A base fee: Users are quoted a base fee which is dynamic depending on the congestion in the network, which they can either choose to accept (or reject and try to transact later when the fee is lower). The base fee, denominated in ETH, is burned and so reduces the total supply of Ethereum.
An optional priority fee / tip: Users also can optionally add-on a priority fee which goes directly to miners as touched on above and makes it more likely that their transaction has priority in the network and is validated more quickly.
Putting it Together
Now that we know what the token behavior looks like, let’s see how it plays out in terms of supply and demand.
There are currently 118.5M ETH tokens. There are two counteracting forces at work that impact the trajectory of this number.
An increase in supply due to the block subsidy which dilutes all holders (and is like stock-based compensation in a regular company). This number has been fairly steady since the move to EIP-1559 and has been at 13500ETH/day which on an annualized basis is roughly ~4.93M ETH, or 4% of the ~118M currently circulating.
A decrease in supply from the burned transaction base fees (like a stock buyback in a regular company). Since the base fees itself are dynamic and the total volume burned depends on the number of transactions that occur, this number has varied a lot. There was a period where over 15K ETH/day was burned, though currently the number is in the ~4-5K/day range.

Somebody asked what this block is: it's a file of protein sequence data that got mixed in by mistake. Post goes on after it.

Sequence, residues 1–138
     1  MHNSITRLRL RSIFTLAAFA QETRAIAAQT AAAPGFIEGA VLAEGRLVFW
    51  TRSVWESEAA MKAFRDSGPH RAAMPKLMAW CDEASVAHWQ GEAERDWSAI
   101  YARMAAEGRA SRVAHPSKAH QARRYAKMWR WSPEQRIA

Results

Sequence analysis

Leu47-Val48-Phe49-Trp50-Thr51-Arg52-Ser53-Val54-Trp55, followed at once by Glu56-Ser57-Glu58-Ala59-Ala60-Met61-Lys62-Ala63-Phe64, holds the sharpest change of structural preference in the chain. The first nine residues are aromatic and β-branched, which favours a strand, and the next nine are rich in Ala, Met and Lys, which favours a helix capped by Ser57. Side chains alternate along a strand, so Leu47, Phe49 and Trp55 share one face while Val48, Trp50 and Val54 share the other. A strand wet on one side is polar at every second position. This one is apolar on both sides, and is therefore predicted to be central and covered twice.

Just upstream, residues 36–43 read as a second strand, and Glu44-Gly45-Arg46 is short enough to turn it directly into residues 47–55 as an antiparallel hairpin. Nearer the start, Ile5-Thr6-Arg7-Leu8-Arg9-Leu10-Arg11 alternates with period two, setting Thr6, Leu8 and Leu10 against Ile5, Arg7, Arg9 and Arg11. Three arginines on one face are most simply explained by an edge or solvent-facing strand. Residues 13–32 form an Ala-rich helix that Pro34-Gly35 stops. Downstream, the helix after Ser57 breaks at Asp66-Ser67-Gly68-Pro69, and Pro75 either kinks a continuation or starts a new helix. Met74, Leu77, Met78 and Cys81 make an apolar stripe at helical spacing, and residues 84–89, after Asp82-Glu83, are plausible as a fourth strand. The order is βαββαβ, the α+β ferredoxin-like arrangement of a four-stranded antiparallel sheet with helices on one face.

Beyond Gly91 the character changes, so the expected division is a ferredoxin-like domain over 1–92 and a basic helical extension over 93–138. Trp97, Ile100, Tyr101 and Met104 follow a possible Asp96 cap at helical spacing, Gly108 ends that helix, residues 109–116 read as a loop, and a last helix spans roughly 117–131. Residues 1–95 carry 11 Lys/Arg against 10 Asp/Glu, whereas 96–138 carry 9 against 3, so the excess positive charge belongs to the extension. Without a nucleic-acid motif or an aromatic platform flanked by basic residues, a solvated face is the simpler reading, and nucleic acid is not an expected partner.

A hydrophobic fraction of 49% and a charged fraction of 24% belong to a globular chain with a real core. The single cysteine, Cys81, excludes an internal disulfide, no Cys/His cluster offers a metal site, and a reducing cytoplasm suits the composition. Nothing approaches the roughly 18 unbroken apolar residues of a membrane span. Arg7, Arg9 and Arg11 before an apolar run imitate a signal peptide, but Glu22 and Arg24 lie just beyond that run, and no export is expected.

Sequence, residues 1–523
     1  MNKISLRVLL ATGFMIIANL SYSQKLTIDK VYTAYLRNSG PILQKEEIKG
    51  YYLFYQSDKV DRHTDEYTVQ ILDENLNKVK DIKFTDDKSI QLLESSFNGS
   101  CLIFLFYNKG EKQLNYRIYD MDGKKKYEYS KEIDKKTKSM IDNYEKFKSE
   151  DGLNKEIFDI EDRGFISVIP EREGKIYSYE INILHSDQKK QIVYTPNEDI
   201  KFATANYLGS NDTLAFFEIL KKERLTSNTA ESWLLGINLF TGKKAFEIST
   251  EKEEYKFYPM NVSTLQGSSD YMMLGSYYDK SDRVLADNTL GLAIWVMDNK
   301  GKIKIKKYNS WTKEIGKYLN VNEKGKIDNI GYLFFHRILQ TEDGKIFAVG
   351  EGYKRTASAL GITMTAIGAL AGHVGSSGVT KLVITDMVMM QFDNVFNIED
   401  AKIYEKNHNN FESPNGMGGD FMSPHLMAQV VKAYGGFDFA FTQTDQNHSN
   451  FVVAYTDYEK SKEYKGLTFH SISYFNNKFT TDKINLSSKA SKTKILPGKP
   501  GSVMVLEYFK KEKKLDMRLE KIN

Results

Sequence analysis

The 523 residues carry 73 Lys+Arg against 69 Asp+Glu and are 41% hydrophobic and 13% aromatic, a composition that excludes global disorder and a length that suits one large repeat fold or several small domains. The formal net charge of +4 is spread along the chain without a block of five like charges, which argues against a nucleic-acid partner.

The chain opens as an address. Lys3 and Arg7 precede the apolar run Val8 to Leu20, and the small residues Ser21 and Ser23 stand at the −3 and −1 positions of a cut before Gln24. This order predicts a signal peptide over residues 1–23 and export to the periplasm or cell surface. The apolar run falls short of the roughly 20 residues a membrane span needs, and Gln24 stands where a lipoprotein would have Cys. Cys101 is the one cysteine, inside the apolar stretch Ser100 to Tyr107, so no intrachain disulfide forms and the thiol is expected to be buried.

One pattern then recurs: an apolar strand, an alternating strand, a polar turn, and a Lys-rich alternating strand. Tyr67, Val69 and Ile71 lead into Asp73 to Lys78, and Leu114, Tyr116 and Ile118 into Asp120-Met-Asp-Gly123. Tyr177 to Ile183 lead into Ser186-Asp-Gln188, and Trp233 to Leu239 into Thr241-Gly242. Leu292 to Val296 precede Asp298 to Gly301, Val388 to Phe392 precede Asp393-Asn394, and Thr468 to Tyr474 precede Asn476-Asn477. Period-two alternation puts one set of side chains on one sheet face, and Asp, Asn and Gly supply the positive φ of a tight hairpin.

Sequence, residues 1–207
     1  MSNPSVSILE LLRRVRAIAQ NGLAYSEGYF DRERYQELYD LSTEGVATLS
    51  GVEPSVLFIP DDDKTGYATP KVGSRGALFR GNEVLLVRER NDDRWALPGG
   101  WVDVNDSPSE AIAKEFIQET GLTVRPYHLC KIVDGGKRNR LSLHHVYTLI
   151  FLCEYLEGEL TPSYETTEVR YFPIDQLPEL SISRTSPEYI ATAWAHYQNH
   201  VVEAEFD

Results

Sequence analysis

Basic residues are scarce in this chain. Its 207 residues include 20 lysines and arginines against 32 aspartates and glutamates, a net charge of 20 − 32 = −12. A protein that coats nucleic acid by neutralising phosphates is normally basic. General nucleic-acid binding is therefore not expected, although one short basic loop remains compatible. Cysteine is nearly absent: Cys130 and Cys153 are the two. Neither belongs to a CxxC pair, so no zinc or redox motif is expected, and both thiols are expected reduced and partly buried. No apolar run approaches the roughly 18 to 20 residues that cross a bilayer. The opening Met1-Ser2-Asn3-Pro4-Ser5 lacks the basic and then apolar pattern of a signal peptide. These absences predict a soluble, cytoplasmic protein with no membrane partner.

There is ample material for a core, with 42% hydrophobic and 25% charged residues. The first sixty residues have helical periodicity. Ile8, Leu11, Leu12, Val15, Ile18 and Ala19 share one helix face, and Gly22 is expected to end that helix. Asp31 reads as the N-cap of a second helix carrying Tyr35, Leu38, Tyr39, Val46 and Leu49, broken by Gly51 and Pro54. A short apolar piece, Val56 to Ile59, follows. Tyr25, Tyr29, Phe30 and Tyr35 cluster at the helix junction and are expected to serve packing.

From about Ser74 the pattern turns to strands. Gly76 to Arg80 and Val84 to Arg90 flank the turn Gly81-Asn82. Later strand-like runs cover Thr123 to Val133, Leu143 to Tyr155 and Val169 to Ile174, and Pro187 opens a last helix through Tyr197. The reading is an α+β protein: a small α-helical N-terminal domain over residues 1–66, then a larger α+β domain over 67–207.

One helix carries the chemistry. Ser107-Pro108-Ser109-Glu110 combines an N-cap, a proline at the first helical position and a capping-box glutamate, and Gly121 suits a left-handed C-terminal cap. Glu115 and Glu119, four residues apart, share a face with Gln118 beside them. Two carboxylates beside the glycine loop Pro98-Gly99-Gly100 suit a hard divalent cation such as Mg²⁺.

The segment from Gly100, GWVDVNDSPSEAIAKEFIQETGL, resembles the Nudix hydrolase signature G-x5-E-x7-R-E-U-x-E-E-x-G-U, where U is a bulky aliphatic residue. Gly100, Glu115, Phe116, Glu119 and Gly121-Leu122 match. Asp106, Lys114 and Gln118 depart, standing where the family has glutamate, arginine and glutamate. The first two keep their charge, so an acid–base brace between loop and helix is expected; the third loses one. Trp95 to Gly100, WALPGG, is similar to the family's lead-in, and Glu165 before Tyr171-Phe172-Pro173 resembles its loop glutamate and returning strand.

The net effect is that roughly 1/3 of the total ETH supply increase is currently being burned, meaning that the net increase in token supply is currently around ~2.7% per year rather than 4% (considering the last month of data).
However, it is important to note that there have been periods where the net issuance on a given day was negative, highlighting the potential deflationary nature of ETH, if used for enough transactions.
On the demand side, a few things are worth calling out.
The best indicators of demand are the ecosystem metrics such as number of active addresses holding Ethereum and number of transactions, as well as the underlying health of the NFT and DeFi ecosystems. Ultimately, while the ETH token can be viewed as an investment by itself (appreciation) or as a currency needed to participate in a network including NFTs and DeFi, the best long-term gauge of demand is usage of ETH for the latter. While Ethereum saw explosive growth in 2020 and 2021, 2022 has been flat compared to 2021 and the same is true with active wallets (although new wallets have of course joined the network).